How to help? “Some guides on progressive donors” states:
Progressive-minded people who want to contribute to humanitarian aid efforts too often abandon their progressive principles, particularly in crisis situations. Why? They want to help, and they want to do so quickly. And they focus on the service-delivery – food rations, medicines, shelter – rather than the service deliverers. Natural enough, when people are starving in front of you on your television every night.
The problem is that aid goes not to projects or services but first to service providers, the agencies themselves. And aid is power. Those who get more aid end up stronger than those who don’t. The issue that I think progressive-minded people should always keep in mind is how their donation is affecting the relative power of different groups involved in a crisis situation. In other words, when the crisis is over, who do you want to be stronger as an institution, and therefore better able to address or avert such crises in the future?
A very brief history of the source of Haiti’s problems is offered by Tracy Kidder, author of Mountains Beyond Mountains, which is an important read (though glorifying a white hero), and was the First Year Common Read at moho when i was a first year. a brief summary of the book. below is what Kidder said in his editorial in nyt:
Haiti is a country created by former slaves, kidnapped West Africans, who, in 1804, when slavery still flourished in the United States and the Caribbean, threw off their cruel French masters and created their own republic. Haitians have been punished ever since for claiming their freedom: by the French who, in the 1820s, demanded and received payment from the Haitians for the slave colony, impoverishing the country for years to come; by an often brutal American occupation from 1915 to 1934; by indigenous misrule that the American government aided and abetted. (In more recent years American administrations fell into a pattern of promoting and then undermining Haitian constitutional democracy.)
beyond this crisis, the general context of this horrible situation created by the U.S. government to oppress haiti offers no hope that the obama administration is going to get things right, with regards to haiti. big surprise. this is why i would never be able to vote if i could, in a presidential election. i would be racked with guilt when a person i voted into office ended up continuing the dragging down of haiti into a vicious, vicious cycle of debt and violence.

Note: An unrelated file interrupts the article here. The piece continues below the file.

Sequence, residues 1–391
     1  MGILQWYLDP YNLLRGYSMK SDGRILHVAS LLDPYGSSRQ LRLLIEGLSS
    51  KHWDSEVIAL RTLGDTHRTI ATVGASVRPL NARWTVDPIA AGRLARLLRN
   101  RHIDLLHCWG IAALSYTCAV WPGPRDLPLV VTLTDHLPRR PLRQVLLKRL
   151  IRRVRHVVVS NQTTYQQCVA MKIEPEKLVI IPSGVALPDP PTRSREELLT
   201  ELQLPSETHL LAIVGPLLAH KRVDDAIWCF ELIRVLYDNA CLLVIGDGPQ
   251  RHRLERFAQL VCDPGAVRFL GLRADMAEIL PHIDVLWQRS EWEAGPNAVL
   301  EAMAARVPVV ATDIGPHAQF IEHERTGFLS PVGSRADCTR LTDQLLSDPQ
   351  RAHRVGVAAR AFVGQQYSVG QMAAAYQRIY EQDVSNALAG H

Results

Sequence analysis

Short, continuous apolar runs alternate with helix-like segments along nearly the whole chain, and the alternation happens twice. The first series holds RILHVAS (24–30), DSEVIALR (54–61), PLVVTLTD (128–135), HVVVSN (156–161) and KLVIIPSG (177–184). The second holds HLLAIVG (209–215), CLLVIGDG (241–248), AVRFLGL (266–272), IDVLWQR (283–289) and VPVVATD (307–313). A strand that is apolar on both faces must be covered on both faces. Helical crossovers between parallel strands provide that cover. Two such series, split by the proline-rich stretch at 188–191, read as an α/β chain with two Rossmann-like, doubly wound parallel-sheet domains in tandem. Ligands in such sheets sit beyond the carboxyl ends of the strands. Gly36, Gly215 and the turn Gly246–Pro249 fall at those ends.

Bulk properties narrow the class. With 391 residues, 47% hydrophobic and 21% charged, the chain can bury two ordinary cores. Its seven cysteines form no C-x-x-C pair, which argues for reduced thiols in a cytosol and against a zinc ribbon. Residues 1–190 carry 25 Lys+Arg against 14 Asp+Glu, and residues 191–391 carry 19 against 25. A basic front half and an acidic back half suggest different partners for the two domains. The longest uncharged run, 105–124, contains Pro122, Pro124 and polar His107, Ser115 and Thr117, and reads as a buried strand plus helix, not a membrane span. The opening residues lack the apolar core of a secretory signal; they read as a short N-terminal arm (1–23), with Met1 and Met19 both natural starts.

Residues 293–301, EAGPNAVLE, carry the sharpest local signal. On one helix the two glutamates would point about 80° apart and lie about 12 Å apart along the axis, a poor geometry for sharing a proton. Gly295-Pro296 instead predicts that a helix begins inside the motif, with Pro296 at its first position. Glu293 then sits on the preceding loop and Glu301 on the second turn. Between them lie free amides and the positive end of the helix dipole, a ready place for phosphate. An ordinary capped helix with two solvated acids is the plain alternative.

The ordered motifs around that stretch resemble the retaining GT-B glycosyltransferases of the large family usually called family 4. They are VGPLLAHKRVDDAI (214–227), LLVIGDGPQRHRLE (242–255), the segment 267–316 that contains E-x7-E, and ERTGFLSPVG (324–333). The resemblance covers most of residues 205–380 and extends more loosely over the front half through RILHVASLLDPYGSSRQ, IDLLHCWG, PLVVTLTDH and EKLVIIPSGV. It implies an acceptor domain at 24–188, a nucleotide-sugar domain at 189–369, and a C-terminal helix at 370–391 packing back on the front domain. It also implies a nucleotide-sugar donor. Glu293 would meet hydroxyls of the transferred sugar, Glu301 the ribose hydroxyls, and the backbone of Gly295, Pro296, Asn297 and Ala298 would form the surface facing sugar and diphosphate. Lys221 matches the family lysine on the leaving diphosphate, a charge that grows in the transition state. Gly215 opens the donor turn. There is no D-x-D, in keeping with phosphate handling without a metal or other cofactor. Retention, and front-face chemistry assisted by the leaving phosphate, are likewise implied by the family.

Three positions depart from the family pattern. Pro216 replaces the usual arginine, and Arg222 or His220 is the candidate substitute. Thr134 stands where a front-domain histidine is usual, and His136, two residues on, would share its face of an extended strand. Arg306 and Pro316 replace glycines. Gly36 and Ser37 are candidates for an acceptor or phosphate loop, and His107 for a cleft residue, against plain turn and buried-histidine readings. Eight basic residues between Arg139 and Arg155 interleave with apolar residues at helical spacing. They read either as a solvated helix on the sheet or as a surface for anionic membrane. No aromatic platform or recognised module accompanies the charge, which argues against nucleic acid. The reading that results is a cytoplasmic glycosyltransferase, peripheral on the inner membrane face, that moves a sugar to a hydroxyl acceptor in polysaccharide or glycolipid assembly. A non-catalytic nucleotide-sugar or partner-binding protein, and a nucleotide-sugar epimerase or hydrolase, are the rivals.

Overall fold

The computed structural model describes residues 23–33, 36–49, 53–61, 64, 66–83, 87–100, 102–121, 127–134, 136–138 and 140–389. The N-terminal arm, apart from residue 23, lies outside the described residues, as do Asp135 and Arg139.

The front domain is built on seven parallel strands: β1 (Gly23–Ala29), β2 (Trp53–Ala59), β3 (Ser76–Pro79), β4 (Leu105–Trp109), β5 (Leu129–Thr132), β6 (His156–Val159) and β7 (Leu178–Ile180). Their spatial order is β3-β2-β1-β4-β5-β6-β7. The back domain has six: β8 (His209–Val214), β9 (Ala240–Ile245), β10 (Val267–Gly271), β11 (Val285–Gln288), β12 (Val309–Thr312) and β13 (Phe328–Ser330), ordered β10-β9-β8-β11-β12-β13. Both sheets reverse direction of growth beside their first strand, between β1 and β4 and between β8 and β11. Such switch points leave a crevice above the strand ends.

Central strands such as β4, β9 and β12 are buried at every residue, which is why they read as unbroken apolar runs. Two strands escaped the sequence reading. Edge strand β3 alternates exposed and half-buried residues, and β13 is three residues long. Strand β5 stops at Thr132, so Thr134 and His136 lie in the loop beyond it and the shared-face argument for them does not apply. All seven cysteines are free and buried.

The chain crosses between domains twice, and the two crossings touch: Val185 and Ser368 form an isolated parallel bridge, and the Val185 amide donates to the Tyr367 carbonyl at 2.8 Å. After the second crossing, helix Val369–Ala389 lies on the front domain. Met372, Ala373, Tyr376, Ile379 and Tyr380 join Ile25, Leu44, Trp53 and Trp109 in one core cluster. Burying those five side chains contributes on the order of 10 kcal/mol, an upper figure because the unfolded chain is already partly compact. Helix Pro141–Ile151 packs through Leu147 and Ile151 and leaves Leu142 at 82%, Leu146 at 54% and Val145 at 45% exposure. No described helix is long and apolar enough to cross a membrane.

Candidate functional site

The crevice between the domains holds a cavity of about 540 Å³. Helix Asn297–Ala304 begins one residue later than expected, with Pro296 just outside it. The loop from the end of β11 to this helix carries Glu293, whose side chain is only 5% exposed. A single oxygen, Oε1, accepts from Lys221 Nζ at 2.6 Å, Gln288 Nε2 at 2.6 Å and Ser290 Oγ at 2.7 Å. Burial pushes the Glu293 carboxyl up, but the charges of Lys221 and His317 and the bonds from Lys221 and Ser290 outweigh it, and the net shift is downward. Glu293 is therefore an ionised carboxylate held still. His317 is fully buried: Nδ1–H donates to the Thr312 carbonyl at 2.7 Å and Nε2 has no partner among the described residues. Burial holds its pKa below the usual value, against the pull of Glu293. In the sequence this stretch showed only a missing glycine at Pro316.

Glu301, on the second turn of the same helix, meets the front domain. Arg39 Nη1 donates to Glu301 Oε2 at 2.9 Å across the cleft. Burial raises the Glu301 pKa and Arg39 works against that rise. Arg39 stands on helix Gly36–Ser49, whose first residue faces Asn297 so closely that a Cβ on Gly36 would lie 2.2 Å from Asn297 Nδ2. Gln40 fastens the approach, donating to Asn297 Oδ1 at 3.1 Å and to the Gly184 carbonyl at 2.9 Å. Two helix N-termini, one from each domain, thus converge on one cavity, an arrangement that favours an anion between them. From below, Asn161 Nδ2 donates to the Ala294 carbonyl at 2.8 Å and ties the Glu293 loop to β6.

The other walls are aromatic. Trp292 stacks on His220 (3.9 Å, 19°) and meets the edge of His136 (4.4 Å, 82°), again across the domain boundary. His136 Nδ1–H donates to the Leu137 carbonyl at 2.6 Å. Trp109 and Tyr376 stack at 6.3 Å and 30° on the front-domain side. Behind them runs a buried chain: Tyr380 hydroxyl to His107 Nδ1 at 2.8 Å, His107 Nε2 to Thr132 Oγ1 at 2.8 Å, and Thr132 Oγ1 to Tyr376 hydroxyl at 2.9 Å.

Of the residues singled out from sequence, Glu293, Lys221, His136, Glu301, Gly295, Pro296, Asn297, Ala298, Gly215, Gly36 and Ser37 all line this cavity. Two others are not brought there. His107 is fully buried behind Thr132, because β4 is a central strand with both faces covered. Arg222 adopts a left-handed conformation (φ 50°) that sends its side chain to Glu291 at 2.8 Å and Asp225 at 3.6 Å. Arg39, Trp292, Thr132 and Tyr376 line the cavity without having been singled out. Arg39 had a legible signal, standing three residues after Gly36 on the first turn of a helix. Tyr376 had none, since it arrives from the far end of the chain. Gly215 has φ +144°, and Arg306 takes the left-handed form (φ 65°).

Under Obama, the U.S. has granted Haiti $1.2 billion in debt relief, but it hasn’t canceled all of Haiti’s debt–the country still pays huge sums to the Inter-American Development Bank. The debt relief is classic window-dressing for Obama’s real Haiti policy, which is the same old Haiti policy.
In close collaboration with the new UN Special Envoy to Haiti, former President Bill Clinton, Obama has pushed for an economic program familiar to much of the rest of the Caribbean–tourism, textile sweatshops and weakening of state control of the economy through privatization and deregulation.
the same article urges caution when thinking about donating resources to international NGOs:
While everyone should support the current outpouring of aid to help Haiti, no one should do so with political blinders on. As Engler said:
Aid in Haiti has always been used to further imperial interests. This is obvious when you look at how the U.S. and Canada treated the Aristide government in contrast to the coup regime. The U.S. and Canada starved Aristide of almost all aid. But then after the coup, they opened a floodgate of money to back some of the most reactionary forces in Haitian society.
We should therefore agitate against any attempt by the U.S. and other powers to use this crisis to further impose their program on a prostrate country.
We should also be wary of the role of international NGOs. While many NGOs are trying to address the crisis, the U.S. and other governments are funneling aid to them in order to undermine Haitians’ democratic right to self-determination. The international NGOs are unaccountable to either the Haitian state or Haitian population. So the aid funneled through them further weakens what little hold Haitians have on their own society.
racist pat robertson on “the real cause” of the earthquake, thanks cnn and major media outlets for carrying this atrocious news!!
Pat Robertson, the evangelical Christian who once suggested God was punishing Americans with Hurricane Katrina, says a “pact to the devil” brought on the devastating earthquake in Haiti.
and finally, the partners in health haiti site. i hear they do good work. moral of the story: stay aware, stay compassionate, and help. thanks to friend for sharing the above links.